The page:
Dotted letters are very effective for handwriting practice too. You can buy handwriting practice books but they won`t be personalized for your child so you may want to consider getting a dotted font for your computer. Make sure you get the same style as your child is using at school to avoid making handwriting more complicated for them! It`s easy to install a font on your computer and then you will be able to create name cards or type out a little story your child tells you. Once printed out the child can trace over the dotted letters. Probably the most important point is to supervise children closely whenever they are writing. That way parents and teachers can ensure that the child has a good tripod pencil grip for control. Supervision should also ensure that children start each letter in the right place and move the pencil in the right direction. Getting the letter formation correct is much more important than neatness in the early stages. If children get into the habit of starting a letter in the wrong place or moving in the wrong direction, for example drawing the letter o in a clockwise direction instead of anti-clockwise, these habits will easily become ingrained and very hard to correct later.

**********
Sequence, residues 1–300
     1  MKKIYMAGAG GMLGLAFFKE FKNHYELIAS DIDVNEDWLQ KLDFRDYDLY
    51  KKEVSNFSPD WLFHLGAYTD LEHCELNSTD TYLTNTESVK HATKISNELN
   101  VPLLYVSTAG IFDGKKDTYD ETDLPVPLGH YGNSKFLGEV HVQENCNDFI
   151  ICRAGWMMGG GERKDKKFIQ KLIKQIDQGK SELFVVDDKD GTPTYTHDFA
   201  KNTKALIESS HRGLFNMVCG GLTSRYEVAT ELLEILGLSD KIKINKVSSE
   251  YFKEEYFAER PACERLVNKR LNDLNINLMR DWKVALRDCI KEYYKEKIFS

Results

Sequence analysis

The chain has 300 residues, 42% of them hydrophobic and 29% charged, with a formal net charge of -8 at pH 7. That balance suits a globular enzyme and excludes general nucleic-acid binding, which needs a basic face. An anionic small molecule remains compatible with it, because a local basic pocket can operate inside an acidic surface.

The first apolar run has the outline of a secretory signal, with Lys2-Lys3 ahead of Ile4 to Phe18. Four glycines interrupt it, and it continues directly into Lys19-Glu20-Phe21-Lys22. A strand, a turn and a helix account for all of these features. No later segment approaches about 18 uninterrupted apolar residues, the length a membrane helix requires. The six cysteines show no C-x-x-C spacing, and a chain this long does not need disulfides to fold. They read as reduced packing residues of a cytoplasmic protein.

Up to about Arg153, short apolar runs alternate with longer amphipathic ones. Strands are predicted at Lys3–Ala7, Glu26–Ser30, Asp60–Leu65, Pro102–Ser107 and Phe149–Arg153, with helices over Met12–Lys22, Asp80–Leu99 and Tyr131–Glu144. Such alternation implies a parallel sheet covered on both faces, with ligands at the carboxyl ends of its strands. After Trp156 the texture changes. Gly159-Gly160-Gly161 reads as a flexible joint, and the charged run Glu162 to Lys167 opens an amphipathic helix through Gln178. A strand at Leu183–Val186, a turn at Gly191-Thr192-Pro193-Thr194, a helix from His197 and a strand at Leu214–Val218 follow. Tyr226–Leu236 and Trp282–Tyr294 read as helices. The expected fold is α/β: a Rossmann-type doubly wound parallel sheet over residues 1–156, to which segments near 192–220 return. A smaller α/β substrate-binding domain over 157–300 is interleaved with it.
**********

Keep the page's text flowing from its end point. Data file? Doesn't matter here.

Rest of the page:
The fashion for cursive writing comes and goes. Many years ago all children were taught to write in an elaborate cursive script, requiring many hours of weekly practice to perfect. Over the years as other subjects began to crowd out handwriting lessons in the school curriculum this gradually gave way to teaching a basic print style of handwriting (ball and stick). Many people now believe that keyboarding skills are more important than good handwriting. Others believe that even computer keyboards will soon be defunct with speech recognition software becoming more popular. However, many schools do still teach cursive writing. Traditionally schools teach children a simple print style of handwriting first, moving on to cursive at a later stage. This has the advantage that the initial letter shapes are less complex to write and most of them match the style of letters which children come across in their reading books. One disadvantage is that children spend many hours practicing one style of handwriting only to be told after two or three years that they now need to write in a completely different style. As any teacher or parent knows, it`s very hard to get children to `unlearn` well-established habits, whether it`s thumb-sucking or a writing style.
I strongly suggest getting a copy of Putting the Heart Back into Teaching because it is a wonderful guide for home schooling parents and it covers so much of the CORE basics which so many parent teachers tend to forget, or sadly, not ever fully understand. A second "must have" would be A Path of Discovery Volume One: Grade One.